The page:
Sunday, January 29, 2012

Shalimar from Rushdie...

Have you read 'Midnight's Children' by Salman Rushdie?

I did. A few years back. Didn't get it. And consequently relegated Salman Rushdie as a writer who I would always deride and not recommend to anyone. Not that my non-recommendation had any great effect on his fan following. He still managed to date (and marry?) Padmalaxmi, a lady with her name as the only problem in her life. Oh, and a fascination for older gentlemen.

But recently I picked up 'Shalimar the Clown' by Mr. Rushdie from the library.

Aside: I'm in two minds about using the library now. I mean, it does give me the option of exploring new authors and I've certainly come across a few gems just because I could just borrow the book instead of buying it. But the downside is that I don't have any of these great books in my own collection. I don't have an option of picking up the book and re-reading it whenever I feel like it.
I don't have the option of smiling at my books, smelling them and just being happy to hold the book. These thoughts came upon me when I was setting up my book collection in the new apartment I've moved into. My collection looks fairly juvenile and is not really representative of the kind of books I like reading.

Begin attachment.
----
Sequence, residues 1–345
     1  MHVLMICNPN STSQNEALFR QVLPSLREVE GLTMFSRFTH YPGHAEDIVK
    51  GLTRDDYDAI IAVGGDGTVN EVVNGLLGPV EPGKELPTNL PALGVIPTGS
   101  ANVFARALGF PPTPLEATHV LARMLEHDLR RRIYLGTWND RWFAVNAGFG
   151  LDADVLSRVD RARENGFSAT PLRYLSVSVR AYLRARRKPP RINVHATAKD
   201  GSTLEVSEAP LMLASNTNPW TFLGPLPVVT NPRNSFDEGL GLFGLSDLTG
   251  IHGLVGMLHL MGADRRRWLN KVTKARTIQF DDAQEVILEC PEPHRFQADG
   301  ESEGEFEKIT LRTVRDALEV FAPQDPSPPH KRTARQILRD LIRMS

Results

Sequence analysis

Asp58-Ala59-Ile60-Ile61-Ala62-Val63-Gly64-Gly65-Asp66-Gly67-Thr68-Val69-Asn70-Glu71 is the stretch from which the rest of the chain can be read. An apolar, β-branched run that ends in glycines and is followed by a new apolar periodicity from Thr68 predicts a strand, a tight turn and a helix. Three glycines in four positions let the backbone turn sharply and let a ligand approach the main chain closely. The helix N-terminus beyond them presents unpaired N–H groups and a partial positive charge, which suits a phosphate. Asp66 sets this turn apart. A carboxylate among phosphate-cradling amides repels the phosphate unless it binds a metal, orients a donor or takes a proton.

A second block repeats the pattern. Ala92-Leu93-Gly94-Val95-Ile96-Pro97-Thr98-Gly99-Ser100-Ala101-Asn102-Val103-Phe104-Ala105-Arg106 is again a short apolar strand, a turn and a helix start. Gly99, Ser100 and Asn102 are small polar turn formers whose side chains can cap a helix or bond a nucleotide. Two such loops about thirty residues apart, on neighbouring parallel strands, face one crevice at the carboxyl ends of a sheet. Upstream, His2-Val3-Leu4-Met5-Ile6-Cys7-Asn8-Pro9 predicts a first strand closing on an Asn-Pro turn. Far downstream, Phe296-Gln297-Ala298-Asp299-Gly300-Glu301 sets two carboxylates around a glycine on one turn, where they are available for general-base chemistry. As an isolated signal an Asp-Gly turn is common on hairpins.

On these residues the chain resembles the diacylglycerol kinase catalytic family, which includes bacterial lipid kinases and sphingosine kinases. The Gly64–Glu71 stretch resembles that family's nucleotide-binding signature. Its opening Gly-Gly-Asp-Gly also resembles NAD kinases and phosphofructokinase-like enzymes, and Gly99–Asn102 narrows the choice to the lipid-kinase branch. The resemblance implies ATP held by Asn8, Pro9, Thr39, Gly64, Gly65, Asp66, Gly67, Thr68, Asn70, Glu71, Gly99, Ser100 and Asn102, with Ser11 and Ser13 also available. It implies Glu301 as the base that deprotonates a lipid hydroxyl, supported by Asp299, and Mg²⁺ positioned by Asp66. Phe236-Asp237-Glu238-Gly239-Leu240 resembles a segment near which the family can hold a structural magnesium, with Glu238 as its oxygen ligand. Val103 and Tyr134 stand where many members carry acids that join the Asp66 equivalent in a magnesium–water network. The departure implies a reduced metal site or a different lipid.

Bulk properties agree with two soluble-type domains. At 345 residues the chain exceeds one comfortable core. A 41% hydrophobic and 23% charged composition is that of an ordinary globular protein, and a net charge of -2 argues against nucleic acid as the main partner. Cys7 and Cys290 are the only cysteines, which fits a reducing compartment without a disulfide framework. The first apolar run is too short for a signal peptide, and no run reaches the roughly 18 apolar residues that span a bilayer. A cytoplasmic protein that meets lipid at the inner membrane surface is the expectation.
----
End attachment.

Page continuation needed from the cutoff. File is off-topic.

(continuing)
I probably need a middle path in which I buy some books while at the same time keeping the library option for more experimentation.

Coming back to Shalimar the Clown, I loved it. It was beautifully written and there were so many interpretations to the various story lines. And the mastery with which language has been used in the book is really really captivating. It is a great book to read, if only for some passages that border on the poetic. Passages that make you close the book, lean back and think.

The book takes a very personal story and juxtaposes it on historic events (I seem to like such books the most. Big events through the eyes of common people. Events brought home to the people, mostly reluctantly, because of their subtle (and progressively less subtle) impact on regular life and its meaning)

In this book the beginning of organised terrorism and the consequent (some would say politically opportunistic)intrusion of the army in Kashmir forms the backdrop to an intensely personal tale of innocence, love, ambition, betrayal, despair, anger, hatred, revenge, uprooting and angst. A beautiful book in which the characters are well etched and can be equated to many players of the larger backdrop.

For me, the way the people changed the way they looked at and thought of 'Kashmiriyat' over the course of the story was fascinating.

A book meant to be in your collection, to be savoured on many occasions...

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